ALL over Amsterdam, black posters with white lettering are heralding the Netherlands Opera Company's revival of the ``Roman Section'' of ``the CIVIL warS,'' an opera by American composer Philip Glass and American director/writer Robert Wilson. Both Wilson and Glass gained a public in Europe before achieving their comparatively recent recognition on home ground. The Dutch revival of the concluding ``act'' of the five-part ``CIVIL warS'' extravaganza continues this European support and interest.
The premier of this 12-hour epic occurred piecemeal in 1983-1984, when each of the opera's five sections was staged in a different city -- from Tokyo to Rome. A plan to present the whole work in Los Angeles during the 1984 Olympic Games was cancelled because of inadequate funding. The final section now on stage in Amsterdam was first produced in Rome two years ago last month.
This last section resembles a traditional opera more than the other parts do. This medium was particularly well suited to the 19th century Roman Opera House where it was first (and apparently not altogether successfully) staged. But it seems that Wilson also considered this to be the best form for a finale.
The section is an ambitious melange of many different elements. When seen as a separate piece, it suggests that Wilson accepts some operatic and theatrical conventions. I suspect that a better acquaintance with his and Glass's work together or apart might quickly dispel this suggestion. Their audience does not look like a conventional opera audience and their work is not known for its lack of originality.
Clearly, this not a usual opera. But Glass -- whose Eastern-influenced music has deceptively simple rhythms and repetitions and is sometimes found in the pop sections of record shops -- is a classically trained composer writing here for classically trained operatic soloists, chorus, and orchestra. And Wilson -- whose admirers tell newcomers not to expect straight-forward ``story-telling'' from his work -- nevertheless shows himself in this piece to be much in sympathy with another characteristic of classical opera: its unreal time-scale and slow pace.
In fact, Wilson's theatre of deliberate, slowly changing images finds in opera a perfect context. There is a mutual enhancement between his processional, dignified elaboration of imagery, and opera's stylization of human emotion and vocal expression. He seems to be determined to reestablish a kind of dignified stylization, even at times a ritualism, that is at odds with his modernity. He apparently wants to restore opera's theatrical power of myth and fairy tale. But he wants to do it in terms of his unique vision -- like a collage-maker or a painter of overlapping images, sounds, and movements, rather than as a narrator.
Still, this part of ``the CIVIL warS'' does not suggest that Wilson is a narrative dramatist in any sense. Indeed, his use of repetitive spoken words -- either filled with significance (though delivered without emotion) or nonsensical -- deliberately undermines the method of conventional drama, in which actions unfold from the author's logically reasoned convictions or from a conflict of circumstances or characters.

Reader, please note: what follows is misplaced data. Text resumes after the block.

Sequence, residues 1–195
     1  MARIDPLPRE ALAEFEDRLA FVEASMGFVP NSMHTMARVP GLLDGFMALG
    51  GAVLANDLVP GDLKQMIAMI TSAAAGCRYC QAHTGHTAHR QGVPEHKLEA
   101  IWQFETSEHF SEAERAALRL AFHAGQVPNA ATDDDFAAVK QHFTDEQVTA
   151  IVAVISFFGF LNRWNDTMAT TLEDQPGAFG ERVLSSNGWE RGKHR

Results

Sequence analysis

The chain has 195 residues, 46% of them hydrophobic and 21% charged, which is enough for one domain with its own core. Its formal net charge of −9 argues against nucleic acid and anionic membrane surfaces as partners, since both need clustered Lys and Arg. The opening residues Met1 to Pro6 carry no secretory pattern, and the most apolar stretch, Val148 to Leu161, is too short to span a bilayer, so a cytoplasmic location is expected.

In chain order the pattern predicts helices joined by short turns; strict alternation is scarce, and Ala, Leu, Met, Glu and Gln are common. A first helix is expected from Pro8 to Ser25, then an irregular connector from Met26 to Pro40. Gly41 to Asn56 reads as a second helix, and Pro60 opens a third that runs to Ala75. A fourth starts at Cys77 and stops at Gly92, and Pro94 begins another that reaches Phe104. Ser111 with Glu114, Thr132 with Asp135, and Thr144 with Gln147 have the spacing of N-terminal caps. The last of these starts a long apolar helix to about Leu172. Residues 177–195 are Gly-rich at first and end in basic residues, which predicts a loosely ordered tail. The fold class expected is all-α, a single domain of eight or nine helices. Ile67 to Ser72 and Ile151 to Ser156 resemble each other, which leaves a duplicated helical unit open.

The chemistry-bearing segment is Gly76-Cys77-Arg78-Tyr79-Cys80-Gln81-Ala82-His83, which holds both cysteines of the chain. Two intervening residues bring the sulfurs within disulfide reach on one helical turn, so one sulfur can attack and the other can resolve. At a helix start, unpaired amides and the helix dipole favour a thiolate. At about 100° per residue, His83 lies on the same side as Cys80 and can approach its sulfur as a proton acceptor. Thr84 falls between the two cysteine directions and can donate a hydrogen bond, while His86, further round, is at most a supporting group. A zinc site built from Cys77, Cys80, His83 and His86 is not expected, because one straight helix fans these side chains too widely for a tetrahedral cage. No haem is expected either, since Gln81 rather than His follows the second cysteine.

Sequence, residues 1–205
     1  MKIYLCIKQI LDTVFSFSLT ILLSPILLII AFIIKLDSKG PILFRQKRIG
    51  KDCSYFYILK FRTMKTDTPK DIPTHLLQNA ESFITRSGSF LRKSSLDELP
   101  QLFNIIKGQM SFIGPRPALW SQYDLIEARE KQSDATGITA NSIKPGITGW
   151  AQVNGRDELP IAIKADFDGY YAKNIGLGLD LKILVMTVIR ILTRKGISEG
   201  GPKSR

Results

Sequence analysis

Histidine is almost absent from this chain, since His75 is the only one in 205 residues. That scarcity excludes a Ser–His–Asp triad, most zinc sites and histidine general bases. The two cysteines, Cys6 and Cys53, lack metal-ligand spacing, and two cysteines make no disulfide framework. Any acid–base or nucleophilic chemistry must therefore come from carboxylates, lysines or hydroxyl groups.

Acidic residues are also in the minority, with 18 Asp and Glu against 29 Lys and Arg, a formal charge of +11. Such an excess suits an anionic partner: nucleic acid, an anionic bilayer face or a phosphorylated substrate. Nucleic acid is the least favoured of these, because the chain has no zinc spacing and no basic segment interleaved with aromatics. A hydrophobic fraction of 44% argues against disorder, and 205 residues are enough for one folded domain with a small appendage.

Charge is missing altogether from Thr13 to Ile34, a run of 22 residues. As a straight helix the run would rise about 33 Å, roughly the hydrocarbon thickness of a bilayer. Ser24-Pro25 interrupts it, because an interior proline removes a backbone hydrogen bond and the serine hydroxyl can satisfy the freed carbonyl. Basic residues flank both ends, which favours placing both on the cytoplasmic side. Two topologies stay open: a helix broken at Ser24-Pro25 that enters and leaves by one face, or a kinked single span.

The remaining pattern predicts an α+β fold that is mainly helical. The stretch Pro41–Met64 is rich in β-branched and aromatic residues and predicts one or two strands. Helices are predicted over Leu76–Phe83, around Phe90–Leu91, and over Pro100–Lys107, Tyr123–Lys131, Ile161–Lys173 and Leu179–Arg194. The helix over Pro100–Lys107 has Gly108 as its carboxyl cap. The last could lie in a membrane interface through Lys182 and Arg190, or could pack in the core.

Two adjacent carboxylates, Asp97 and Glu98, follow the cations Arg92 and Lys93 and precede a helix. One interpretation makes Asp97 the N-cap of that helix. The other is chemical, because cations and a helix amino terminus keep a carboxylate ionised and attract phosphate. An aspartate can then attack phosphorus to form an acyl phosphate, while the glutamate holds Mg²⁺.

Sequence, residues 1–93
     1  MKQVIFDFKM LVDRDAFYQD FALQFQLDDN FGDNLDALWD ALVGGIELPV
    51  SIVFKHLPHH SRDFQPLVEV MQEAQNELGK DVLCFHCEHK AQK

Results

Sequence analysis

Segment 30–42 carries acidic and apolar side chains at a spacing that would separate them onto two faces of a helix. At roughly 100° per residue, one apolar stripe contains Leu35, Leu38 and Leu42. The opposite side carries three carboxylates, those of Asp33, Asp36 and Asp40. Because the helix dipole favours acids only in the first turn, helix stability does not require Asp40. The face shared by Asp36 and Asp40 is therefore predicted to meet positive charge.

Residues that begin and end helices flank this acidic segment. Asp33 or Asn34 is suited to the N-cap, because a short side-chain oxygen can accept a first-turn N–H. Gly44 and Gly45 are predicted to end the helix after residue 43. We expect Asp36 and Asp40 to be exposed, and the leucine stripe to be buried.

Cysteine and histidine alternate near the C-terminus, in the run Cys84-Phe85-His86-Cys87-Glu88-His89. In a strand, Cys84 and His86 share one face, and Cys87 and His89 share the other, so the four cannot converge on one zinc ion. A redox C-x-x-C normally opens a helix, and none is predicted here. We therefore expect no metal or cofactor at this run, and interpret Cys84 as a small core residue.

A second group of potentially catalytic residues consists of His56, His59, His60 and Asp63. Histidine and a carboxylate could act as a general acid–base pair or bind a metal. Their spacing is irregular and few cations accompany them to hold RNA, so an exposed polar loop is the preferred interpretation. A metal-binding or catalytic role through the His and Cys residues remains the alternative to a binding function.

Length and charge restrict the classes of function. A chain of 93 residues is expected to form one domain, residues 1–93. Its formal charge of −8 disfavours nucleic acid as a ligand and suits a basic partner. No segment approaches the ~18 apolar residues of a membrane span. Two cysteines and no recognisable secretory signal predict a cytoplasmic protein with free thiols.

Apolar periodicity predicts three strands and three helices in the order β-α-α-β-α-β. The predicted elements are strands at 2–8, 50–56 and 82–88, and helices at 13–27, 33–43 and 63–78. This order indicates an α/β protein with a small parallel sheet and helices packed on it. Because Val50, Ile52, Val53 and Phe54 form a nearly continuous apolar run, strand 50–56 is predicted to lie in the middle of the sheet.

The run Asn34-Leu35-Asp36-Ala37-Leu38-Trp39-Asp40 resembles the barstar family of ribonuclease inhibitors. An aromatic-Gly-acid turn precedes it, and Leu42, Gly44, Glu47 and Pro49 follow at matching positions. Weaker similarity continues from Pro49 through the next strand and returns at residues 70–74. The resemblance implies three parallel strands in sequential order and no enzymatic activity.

Instead, Wilson's ``characters'' are figures, almost puppets. They often have no more independence than the animals or large-scale props (in this case items such as a tree-trunk and a space-ship) that he deploys with remarkable effect. His people tend towards the symbolic, but what they symbolize remains enigmatic.
Abraham and Mrs. Lincoln, Hercules, Robert E. Lee, Garibaldi and the Hopi Indians, the Earth Mother and the Snowy Owl all figure in this opera, and are apparent symbols no less than the steady procession of ``trees of all the world'' that impressively crosses the stage in the last scene until the world once again returns to a state of primeval tropical jungle. In the end, one is left with the feeling that the trees are more alive -- and certainly more individual -- than the people.
Glass's score seems to ask to be thought of as background music. It acts as harmonious accompaniment to the visual impact of Wilson's theater. And there are times of considerable impact when imagery, instrumental music, speech, song, and even dance interweave or overlap so that none is predominant. On such occasions this opera is a rich tapestry.
Both music and imagery propose an art form in which the audience's imagination is given free play. And yet, paradoxically, this work is the outcome of exacting stage-direction and control.
Here is an opera with no story, and yet it continually develops. It displays little or no interest in subjective human feeling, and yet (partly because of the fine singing of Ruby Hinds and John Gilmore) it can be unexpectedly stirring. Most puzzlingly, it emphasizes the peaceful, benign, and innocuous, even suggesting some form of hope-for-the-future in its picture of a world that forgets about past anguish and ``warS,'' civil or otherwise.
And yet this same visionary world (which you take finally to be Wilson's) seems to achieve its promise -- a return to a jungle-state in which man submits to nature -- only at the expense of humanity. Heroes (like Lincoln, who starts out as a 20-foot marionette and shrinks to normal size at the end of the piece) are undoubtedly none the worse for being smaller. But in this strange, though frequently beautiful, opera of visions, they remain mysteriously de-personalized symbols -- whatever their height above sea-level.
This production is at the Stadsschouwburg, Amsterdam, April 8, 10, 15, 18, 21, 23 at 8.00 p.m.; April 13, 27 at 2.00 p.m.